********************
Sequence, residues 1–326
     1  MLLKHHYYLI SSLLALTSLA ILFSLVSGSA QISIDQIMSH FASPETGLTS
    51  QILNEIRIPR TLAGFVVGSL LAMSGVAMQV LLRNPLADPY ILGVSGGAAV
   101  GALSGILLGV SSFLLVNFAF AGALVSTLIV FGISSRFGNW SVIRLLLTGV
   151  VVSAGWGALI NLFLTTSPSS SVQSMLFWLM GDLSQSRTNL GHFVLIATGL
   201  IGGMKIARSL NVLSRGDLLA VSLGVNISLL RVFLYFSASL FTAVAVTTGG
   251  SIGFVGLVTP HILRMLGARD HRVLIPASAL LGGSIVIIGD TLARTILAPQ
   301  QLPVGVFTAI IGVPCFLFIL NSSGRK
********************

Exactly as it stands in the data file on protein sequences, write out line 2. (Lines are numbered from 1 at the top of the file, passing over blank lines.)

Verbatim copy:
     1  MLLKHHYYLI SSLLALTSLA ILFSLVSGSA QISIDQIMSH FASPETGLTS